Rory McIlroy’s year was supposed to start with a bang. That was the plan, at least.
There was smoke, that’s for sure – and lots of it. A planetarium-quality laser lights show. Some sort of massive hologram of his likeness. A video montage of his prior accomplishments.
But a bang? No, there was no bang to start. In fact, no bang ever really took place.
Ranked No. 1 in the world and fresh off a season in which he was voted Player of the Year on both the PGA and European tours, McIlroy was introduced on Jan. 14 as the newest megastar in Nike’s estimable stable at the Fairmont Hotel in Abu Dhabi amidst a presentation usually left for Justin Bieber’s opening dance routine or the home team introductions before an NBA Finals game. Apparently that’s what happens when you sign a deal for a reported $250 million, even though he punctuated the festivities by maintaining with a straight face, “I don’t play golf for money.”
Maybe it was all too much for him. Maybe the down-to-earth kid from a working-class upbringing in Northern Ireland felt too much pressure trying to live up to such hyped expectations. Or maybe his struggles were more of the technical variety. Maybe his new equipment required a lengthier adjustment period than anyone had realized. Maybe his swing wasn’t as locked in as the previous year. Or maybe there were issues in his love life. Or changing his management team for a second time was getting to him. Or the impending decision to pick a country to represent in the upcoming Olympic Games held him back. Maybe it was none of the above.
The smart money contends it was some combination of each of these things that led to his comparatively poor performance. If McIlroy himself knows, he isn’t saying – although that would be contradictory to his personality, which leaves him open and honest, almost to a fault.
What we do know is that unlike most of GolfChannel.com’s 2013 newsmakers, McIlroy is on this list more for what he didn’t accomplish than what he did.
That’s not to suggest his year was some sort of abject failure. In 25 worldwide starts, he compiled nine top-10s and a victory, though it took him until his 24th start to claim the latter. He missed the cut at The Open Championship, but finished T-25 at the Masters, T-41 at the U.S. Open and T-8 at the PGA Championship, hardly embarrassing results at the year’s most important tournaments. And he only dropped five spots in the Official World Golf Ranking, checking into the year at No. 1, but checking out at a still-impressive sixth.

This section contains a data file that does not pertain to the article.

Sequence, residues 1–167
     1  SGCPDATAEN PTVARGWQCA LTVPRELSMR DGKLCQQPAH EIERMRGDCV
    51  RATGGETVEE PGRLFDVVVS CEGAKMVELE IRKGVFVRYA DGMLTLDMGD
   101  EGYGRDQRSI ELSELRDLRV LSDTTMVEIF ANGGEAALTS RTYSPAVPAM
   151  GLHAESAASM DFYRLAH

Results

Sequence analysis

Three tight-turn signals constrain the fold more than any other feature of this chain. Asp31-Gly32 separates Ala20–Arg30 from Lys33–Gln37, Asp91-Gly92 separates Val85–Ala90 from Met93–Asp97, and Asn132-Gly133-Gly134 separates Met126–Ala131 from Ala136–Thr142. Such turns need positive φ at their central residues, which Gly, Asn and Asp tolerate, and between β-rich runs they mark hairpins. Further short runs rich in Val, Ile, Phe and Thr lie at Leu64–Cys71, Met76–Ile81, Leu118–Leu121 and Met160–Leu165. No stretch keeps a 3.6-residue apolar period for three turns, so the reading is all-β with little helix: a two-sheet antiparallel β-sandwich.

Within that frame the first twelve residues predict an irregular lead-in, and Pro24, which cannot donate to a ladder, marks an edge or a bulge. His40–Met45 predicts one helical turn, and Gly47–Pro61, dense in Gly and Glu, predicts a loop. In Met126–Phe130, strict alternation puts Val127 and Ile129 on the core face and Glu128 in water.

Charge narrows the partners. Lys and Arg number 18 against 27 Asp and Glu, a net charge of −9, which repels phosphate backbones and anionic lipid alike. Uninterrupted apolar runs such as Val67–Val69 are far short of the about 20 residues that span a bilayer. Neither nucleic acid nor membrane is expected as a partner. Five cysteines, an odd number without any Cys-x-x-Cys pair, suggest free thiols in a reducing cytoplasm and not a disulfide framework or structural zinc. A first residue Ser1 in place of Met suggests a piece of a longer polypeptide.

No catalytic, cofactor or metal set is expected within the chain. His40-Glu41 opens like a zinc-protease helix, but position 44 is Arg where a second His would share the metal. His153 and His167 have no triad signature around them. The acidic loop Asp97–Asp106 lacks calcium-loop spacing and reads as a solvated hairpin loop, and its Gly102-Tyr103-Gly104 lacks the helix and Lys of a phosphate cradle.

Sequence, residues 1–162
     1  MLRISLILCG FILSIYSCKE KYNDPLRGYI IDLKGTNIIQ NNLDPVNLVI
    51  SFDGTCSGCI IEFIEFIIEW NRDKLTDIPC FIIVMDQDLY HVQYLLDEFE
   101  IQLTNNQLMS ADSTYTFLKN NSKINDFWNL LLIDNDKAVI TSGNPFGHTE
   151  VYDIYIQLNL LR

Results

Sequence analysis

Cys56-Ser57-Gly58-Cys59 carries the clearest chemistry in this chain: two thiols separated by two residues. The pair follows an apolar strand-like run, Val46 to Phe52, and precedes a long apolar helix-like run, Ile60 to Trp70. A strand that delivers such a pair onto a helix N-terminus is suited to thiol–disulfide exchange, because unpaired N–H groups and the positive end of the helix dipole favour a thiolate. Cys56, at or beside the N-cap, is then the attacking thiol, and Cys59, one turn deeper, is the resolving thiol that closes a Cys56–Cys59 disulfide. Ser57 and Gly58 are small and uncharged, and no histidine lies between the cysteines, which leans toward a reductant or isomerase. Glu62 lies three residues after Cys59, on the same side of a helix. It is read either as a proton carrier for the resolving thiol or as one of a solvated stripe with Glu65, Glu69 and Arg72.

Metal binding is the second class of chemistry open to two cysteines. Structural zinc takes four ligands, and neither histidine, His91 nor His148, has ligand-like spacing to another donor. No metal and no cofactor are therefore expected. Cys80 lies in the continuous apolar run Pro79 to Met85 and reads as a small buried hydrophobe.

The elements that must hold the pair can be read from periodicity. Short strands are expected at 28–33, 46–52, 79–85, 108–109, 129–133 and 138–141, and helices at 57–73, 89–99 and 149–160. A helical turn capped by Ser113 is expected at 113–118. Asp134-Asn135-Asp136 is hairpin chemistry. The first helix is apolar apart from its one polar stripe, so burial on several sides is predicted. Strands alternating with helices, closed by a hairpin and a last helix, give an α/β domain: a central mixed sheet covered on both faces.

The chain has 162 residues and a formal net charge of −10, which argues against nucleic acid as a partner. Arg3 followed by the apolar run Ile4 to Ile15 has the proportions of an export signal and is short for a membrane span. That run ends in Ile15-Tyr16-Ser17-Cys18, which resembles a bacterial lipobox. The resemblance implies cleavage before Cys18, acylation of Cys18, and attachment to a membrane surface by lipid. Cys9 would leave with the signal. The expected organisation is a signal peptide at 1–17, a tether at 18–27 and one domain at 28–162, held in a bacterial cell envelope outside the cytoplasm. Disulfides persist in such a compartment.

Offer these numbers to most professional golfers, even some of the game’s elite talents, and they might literally take the money and run, confident in the knowledge that it might not have been a great year, but it was certainly good enough.
However, for a 24-year-old with two major titles won by eight-stroke margins already to his credit, it wasn’t good enough. It wasn’t even close. But that’s not the whole story, either. McIlroy’s disappointing year was less about the results and more about the precipitous journey. Just days after that literal display of smoke and mirrors, with an advertising campaign opposite fellow swooshster Tiger Woods gaining international attention, he missed the cut in his first start. The relationship with Nike got off to such a rocky start that he switched back to his old Scotty Cameron putter – on his second day of competition after the announcement.
A month later, competing at the Honda Classic near his adopted home of Jupiter, Fla., he was already 7 over playing the ninth hole of his second round when he walked straight off the course and into the adjacent parking lot. Before speeding away, he told reporters, “I’m not in a good place mentally, you know?” Less than an hour afterward, the official reason listed for his withdrawal was an aching wisdom tooth.
If that was the nadir of the drama which seemed to follow him throughout the year, then his on-course apex finally crested on the first day of December. Trailing by a stroke entering the Australian Open’s final hole, McIlroy watched playing partner Adam Scott post bogey, then jarred a 15-foot birdie putt of his own to clinch a come-from-behind victory.
In a year when he made bigger news for what he didn’t accomplish than what he did, McIlroy’s body language told the story of a journey that didn’t start with a bang. It told the story of a young man competing under a global microscope, flushed with lofty expectations. The ball rolled into the cup and the newest champion didn’t holler. He didn’t pump his fist. He didn’t even smile.
More Newsmakers in 2013: